New North American Anglican grouping won’t last says gay bishop

Published June 29, 2009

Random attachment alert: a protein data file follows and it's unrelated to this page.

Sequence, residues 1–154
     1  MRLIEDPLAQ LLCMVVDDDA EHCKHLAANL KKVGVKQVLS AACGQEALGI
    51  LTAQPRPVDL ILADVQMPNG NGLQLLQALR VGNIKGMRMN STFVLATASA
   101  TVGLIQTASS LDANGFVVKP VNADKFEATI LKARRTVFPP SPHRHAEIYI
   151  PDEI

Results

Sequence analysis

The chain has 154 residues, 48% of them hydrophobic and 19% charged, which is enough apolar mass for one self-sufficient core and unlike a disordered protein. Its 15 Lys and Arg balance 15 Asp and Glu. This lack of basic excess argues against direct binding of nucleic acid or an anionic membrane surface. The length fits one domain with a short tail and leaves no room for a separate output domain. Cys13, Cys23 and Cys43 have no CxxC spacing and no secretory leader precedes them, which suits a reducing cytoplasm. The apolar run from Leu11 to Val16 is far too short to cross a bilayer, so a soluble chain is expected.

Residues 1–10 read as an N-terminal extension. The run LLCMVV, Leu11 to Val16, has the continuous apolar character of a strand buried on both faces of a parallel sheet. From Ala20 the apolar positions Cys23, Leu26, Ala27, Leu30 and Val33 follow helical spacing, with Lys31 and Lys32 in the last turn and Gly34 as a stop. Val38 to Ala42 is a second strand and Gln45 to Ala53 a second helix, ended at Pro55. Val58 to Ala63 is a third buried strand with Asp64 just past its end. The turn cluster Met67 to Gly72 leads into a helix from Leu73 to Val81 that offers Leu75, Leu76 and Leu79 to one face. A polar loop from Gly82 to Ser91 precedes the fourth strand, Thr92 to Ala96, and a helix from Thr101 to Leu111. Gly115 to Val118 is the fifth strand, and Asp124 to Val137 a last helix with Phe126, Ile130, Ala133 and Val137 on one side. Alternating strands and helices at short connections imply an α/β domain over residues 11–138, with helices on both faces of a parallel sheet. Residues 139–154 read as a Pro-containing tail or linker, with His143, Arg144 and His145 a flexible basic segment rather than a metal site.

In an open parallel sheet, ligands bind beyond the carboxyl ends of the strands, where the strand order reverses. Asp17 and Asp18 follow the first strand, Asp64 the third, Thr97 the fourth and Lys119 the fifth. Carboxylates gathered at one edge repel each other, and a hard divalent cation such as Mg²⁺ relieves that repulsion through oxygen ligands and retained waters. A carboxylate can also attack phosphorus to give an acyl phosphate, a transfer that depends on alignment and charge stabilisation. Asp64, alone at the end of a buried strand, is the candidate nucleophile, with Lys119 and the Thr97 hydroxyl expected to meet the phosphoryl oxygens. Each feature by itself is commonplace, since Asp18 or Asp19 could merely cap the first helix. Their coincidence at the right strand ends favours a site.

New YorkA new North American group claiming to embrace “traditional Anglican values” will not last long, the Episcopal Church’s first openly gay bishop has predicted.Bishop Gene Robinson, an openly homosexual man living openly with a partner, whose 2003 consecration as bishop of the diocese of New Hampshire created a backlash among traditional believers within the U.S., church, told Ecumenical News International he does not believe the new Anglican grouping has long-term viability.”A church that does not ordain women or openly gay people – I don’t see a future for that,” Robinson told ENI after delivering a sermon on 28 June at the First Presbyterian Church in New York City during the city’s annual gay pride festivities.His response came after the June 22-25 assembly of the Anglican Church in North America, meeting in Dallas, Texas, formalised years of dissatisfaction with the Episcopal Church over policies that have included the ordination of women, permission to perform holy unions for same-sex couples and the consecration of an openly gay bishop.Calling the week the foundation of a “hopeful future,” Archbishop Robert Duncan, the former Episcopal bishop of Pittsburgh, Pennsylvania, said of the new denomination, “We are reaching out to North America in particular, and the whole world with the transforming love of Jesus Christ.”The breakaway grouping claims 100 000 members in 700 U.S. and Canadian parishes. These include four U.S. dioceses that cut ties with the Episcopal Church: Pittsburgh; Fort Worth, Texas; San Joaquin, California; and Quincy, Illinois. It also includes a number of other groups that had formed in recent years, including groupings with missionary efforts in Kenya, Uganda and the Southern Cone of South America.Duncan announced that two African Anglican provinces, those of Uganda and Nigeria, which are said to be the two largest Anglican provinces in the world, had formally recognised the new North America group.Among those addressing the assembly, attended by some 700 clergy and laity, was the Rev. Rick Warren, an evangelical leader in the United States, and Metropolitan Jonah, himself a former Episcopalian and the new primate of the Orthodox Church in North America, who told those assembled: “I am seeking an ecumenical restoration by being here today. This is God’s call to us.”The Episcopal Church and of the Anglican Church of Canada did not formally comment on the ACNA assembly, the Episcopal News Service reported, but a representative of a group of Episcopalians who are remaining with the established U.S. church noted there is still unresolved litigation between the break-away Anglicans and the U.S. Episcopal Church over such issues as church property.”Despite the ACNA’s grand words, the new organization is being built largely with assets belonging to the Episcopal Church and the Anglican Church of Canada. It is unclear what Christian moral principles can be invoked to justify this,” said Kenneth Stiles, a Pittsburgh attorney and vice president of Progressive Episcopalians of Pittsburgh.


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